It looks like a celebration with confetti and streamers that the photographers—among the winners of the Federation of American Societies for Experimental Biology’s 2013 BioArt Competition—captured in this image. But these dots and lines are actually cells in the retina of a goldfish. And what such images reveal may be far more than just a pretty picture.
NIH-funded researchers at the University of Utah used a set of tools called Computational Molecular Phenotyping (CMP) to take a snapshot of the amacrine cells in the retina. The retina is delicate, light-sensitive tissue in the back of the eye, and its amacrine cells are involved in processing and conveying signals from the light-gathering photoreceptor cells to the brain’s visual cortex, where the image is decoded. The colors in this photograph reveal the unique metabolic chemistry, and thus the identity, of each subtype of neuron. The red, yellow, and orange cells are amacrine neurons with a high level of the amino acid glycine; the blue ones have a lot of the neurotransmitter gamma-aminobutyric acid (GABA). The green color tells us something different: it provides a physiological snapshot revealing which neurons were active and talking to each other at the time the image was created.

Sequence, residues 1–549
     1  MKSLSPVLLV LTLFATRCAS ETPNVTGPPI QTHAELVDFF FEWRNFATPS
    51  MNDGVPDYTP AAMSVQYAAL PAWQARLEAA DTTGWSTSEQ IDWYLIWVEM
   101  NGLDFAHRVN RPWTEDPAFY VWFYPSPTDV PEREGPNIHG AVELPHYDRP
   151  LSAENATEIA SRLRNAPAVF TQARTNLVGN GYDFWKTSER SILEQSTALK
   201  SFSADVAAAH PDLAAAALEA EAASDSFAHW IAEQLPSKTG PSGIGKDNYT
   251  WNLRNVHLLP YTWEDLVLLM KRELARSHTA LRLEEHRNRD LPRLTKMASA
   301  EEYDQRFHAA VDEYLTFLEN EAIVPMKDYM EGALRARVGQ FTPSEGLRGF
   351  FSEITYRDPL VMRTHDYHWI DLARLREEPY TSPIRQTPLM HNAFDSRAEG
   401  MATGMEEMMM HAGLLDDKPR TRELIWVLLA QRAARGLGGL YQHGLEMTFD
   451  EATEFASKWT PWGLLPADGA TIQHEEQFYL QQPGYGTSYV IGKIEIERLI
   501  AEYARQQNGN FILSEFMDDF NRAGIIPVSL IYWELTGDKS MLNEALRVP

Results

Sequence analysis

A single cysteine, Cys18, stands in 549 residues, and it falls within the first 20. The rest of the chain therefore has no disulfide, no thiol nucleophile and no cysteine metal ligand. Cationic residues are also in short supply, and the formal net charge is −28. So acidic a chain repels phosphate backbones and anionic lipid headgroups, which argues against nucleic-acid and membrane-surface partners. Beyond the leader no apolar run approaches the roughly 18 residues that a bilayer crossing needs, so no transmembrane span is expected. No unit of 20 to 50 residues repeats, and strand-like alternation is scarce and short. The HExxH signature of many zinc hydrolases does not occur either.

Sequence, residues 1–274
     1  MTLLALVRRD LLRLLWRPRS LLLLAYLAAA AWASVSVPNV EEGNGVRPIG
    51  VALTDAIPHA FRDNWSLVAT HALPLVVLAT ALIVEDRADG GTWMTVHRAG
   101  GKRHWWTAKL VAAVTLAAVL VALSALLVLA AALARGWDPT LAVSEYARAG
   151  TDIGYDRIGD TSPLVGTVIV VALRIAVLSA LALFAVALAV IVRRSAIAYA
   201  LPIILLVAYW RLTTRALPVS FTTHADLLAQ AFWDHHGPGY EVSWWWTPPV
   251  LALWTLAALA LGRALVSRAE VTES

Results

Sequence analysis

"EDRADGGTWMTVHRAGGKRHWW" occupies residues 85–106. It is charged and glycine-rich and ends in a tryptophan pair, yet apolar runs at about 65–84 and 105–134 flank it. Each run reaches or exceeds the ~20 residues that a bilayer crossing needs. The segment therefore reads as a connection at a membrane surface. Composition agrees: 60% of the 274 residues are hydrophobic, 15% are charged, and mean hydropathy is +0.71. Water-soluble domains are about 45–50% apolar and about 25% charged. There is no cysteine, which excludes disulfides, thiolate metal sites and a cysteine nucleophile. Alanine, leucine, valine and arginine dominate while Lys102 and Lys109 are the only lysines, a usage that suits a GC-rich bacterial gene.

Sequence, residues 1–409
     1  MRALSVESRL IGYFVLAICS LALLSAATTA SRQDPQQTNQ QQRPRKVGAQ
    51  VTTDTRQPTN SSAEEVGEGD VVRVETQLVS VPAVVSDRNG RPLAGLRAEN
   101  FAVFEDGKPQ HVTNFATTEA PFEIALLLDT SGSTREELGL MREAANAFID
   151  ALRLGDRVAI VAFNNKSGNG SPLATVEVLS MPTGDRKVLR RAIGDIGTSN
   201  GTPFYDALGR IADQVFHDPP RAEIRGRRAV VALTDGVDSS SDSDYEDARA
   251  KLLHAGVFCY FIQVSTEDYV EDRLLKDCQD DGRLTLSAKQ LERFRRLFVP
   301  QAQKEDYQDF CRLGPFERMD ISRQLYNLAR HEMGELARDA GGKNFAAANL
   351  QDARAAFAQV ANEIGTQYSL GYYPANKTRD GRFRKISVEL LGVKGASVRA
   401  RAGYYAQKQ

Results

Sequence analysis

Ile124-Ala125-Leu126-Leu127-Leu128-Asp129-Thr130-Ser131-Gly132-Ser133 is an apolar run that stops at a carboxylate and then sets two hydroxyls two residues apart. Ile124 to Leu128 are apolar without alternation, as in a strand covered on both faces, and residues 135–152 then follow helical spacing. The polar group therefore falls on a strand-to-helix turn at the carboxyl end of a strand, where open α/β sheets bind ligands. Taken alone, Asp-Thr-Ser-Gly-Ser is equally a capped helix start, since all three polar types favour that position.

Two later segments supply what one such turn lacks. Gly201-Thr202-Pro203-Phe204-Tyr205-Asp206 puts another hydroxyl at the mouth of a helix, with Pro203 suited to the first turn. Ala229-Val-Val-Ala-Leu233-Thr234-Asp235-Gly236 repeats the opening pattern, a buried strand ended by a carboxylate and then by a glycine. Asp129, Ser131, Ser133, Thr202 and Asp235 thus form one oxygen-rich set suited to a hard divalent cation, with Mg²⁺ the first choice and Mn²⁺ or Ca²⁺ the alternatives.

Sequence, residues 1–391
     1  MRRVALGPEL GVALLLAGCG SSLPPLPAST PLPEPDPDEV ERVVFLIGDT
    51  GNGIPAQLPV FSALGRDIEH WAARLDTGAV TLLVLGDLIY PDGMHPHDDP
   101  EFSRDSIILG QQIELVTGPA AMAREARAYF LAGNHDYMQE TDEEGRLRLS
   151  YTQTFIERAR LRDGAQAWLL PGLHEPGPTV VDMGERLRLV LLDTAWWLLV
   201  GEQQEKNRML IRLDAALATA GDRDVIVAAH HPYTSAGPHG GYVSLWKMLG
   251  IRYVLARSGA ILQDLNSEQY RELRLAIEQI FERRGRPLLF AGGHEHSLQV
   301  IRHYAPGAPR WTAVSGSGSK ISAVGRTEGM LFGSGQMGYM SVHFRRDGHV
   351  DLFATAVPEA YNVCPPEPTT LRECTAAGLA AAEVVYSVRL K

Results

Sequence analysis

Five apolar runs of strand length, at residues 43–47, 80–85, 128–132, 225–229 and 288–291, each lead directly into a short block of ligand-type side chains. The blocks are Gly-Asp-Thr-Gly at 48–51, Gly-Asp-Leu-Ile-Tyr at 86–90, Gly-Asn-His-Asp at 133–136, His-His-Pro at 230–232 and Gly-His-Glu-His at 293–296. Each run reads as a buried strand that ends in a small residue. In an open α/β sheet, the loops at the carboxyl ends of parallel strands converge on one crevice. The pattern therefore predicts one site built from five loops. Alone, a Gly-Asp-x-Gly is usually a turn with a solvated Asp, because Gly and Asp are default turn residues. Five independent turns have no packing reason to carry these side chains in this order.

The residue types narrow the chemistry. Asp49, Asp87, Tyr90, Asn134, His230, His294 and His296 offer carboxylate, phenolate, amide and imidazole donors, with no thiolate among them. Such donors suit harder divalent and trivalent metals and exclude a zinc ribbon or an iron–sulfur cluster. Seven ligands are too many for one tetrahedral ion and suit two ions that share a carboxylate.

By combining all of the data from CMP —cell identity and activity—with structural images from a transmission electron microscope, the researchers were able to build circuit diagrams of the retina that show cell type, location, and neuronal wiring. This map of the neurons in a healthy retina provides a baseline for understanding, and perhaps ultimately treating, diseases of the retina that alter the circuitry.
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